The Francis Marion National Forest is one of the most significant natural assets of the Lowcountry because of its beauty, its recreational opportunities and the array of wildlife that makes a home there — some of it threatened or endangered.
But natural assets — particularly those like the Francis Marion that are surrounded by more and more people and development — need to adapt, and need help to do so.
That’s where those who appreciate the forest come in.
The National Forest Service is the primary steward of the 405 square miles of forest. Rangers do controlled burns, remove underbrush and manage public use of the forest. And it’s time for them to set some new goals for the next 15 years.
They’ve got some ideas — almost 200 pages of them in a proposed management plan. But they want input from the public. The conversation should be of interest to many people — from birdwatchers to hunters.
After Hurricane Hugo, the NFS set as its goal reforesting huge swaths of forest that had been decimated by winds.
Now it’s time to move in different directions. But managing the forest can be tricky as subdivisions work their way up to the edges of the forest. Controlled burns can be annoying to people who live close by. But they also help prevent forest fires, allow for trees, primarily longleaf pines, to be planted and a valuable ecosystem to be restored.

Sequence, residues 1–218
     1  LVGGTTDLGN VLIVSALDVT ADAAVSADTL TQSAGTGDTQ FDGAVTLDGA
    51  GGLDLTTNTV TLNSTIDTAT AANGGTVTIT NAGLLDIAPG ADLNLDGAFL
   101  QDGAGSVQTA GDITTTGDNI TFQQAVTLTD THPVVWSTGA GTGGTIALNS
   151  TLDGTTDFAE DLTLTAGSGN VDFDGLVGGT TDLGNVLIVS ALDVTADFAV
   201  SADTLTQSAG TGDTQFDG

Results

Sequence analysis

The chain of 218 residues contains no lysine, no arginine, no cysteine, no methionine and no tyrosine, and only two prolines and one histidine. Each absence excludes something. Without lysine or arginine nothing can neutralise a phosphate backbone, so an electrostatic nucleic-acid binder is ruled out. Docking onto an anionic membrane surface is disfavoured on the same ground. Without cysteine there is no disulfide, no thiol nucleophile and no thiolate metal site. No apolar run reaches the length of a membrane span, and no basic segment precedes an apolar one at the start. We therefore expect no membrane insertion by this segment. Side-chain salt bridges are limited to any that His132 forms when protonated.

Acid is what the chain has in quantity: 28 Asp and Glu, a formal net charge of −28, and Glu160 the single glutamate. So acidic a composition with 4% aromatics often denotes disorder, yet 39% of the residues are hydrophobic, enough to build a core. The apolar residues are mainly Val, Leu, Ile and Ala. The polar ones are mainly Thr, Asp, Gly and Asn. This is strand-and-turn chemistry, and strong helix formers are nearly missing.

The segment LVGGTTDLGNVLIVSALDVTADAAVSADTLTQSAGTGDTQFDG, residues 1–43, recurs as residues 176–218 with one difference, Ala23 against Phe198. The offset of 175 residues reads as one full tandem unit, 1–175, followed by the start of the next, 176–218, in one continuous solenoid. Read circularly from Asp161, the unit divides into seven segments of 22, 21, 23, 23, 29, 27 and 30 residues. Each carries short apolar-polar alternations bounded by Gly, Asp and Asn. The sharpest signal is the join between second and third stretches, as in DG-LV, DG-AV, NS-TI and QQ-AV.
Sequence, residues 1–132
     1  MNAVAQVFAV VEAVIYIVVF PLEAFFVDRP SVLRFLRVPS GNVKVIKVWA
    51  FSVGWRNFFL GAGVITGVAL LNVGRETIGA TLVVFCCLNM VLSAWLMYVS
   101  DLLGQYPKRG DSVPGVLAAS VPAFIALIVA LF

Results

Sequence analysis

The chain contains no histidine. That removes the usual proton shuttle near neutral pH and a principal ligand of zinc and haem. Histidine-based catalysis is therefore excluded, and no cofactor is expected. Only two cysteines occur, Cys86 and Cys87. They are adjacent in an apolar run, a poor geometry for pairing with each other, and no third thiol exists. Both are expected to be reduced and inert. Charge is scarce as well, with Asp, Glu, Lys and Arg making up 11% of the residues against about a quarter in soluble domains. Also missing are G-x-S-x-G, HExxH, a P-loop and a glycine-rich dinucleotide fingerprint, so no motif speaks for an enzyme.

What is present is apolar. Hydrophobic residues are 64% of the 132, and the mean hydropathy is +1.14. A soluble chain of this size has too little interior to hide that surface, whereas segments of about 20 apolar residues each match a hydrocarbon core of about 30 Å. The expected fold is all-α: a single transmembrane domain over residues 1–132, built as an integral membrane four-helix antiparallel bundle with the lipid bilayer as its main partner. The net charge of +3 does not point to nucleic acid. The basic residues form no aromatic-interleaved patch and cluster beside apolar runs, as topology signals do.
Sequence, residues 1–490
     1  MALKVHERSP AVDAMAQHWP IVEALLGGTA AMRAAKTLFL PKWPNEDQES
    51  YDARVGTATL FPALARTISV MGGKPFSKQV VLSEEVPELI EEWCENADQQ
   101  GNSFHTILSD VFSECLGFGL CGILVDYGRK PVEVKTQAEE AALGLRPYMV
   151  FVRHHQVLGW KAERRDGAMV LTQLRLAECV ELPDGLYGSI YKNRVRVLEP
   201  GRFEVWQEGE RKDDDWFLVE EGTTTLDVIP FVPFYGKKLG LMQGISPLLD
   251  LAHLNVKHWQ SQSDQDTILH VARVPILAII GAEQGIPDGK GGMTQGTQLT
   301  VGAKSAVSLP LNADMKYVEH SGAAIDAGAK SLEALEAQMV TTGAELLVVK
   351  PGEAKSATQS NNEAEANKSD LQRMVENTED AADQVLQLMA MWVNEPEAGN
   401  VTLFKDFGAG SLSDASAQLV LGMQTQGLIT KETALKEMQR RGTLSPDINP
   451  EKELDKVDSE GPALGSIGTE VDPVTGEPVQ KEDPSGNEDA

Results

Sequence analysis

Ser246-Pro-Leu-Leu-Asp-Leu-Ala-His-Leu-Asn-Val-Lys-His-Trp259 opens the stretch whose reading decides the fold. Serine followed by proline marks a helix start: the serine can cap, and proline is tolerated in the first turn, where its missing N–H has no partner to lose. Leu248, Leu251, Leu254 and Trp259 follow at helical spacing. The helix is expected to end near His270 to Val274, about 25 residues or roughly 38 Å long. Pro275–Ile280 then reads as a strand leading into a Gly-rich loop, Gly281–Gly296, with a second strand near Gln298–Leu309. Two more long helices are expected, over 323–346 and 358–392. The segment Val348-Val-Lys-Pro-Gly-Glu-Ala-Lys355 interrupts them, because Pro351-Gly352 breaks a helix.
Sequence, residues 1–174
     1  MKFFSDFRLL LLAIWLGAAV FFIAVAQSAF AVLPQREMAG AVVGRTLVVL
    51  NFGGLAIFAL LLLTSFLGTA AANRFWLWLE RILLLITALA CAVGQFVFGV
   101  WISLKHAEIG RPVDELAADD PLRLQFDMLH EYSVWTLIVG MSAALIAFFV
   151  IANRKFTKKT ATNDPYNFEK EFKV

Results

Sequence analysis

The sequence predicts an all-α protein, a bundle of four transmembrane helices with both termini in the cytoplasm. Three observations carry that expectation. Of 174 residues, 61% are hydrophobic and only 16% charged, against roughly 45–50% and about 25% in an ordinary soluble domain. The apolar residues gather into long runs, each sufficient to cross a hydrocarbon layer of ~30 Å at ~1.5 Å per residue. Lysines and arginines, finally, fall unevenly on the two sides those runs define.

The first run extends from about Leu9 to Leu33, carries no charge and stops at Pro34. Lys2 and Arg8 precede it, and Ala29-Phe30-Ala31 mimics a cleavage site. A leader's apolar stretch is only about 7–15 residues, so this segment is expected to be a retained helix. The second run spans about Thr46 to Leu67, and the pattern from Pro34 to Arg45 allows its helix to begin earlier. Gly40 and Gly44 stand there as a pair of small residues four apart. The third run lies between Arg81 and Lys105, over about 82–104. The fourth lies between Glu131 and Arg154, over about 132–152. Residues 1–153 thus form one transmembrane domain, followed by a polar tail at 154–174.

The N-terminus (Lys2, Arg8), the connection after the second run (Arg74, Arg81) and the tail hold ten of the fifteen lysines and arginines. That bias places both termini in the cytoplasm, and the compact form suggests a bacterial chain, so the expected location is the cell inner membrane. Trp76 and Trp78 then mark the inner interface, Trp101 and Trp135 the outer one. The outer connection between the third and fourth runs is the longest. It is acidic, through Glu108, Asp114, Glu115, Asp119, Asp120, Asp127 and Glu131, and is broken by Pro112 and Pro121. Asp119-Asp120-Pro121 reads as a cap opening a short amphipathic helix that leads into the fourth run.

That tension is one reason conservationists are so concerned about plans to develop Cainhoy Plantation — zoned by the city of Charleston for 19,000 houses on 9,000 acres, some of which would be just across the road from the National Forest.
That would be a conflict waiting to happen.
And delaying or forgoing controlled burns is unwise. It could result in wildfires that might cost a lot to tame, while threatening people, homes and wildlife.
Indeed, in 2014, wildfires burned 3.6 million acres in the U.S. at a cost of $1.52 billion. In 2013, 4.32 million acres were charred; and in 2012, 9.33 million acres.
A wide range of input into the plan for the Francis Marion is needed — from conservationists to horseback riders, hikers and anglers. The plan is online at www.fs.usda.gov.scnfs. The more informed the planning is, the better for all concerned.
Proposed goals include restoring and managing the historic longleaf pine savannas; getting rid of invasive plants and pests; reducing the risk of wildfires; rerouting man-made canals to improve water quality; and conserving native fish and wildlife.
The future of the Francis Marion National Forest is in question.
The National Forest Service will schedule public meetings in October after people have had time to read and consider the proposals.
Speak up and help keep the forest healthy.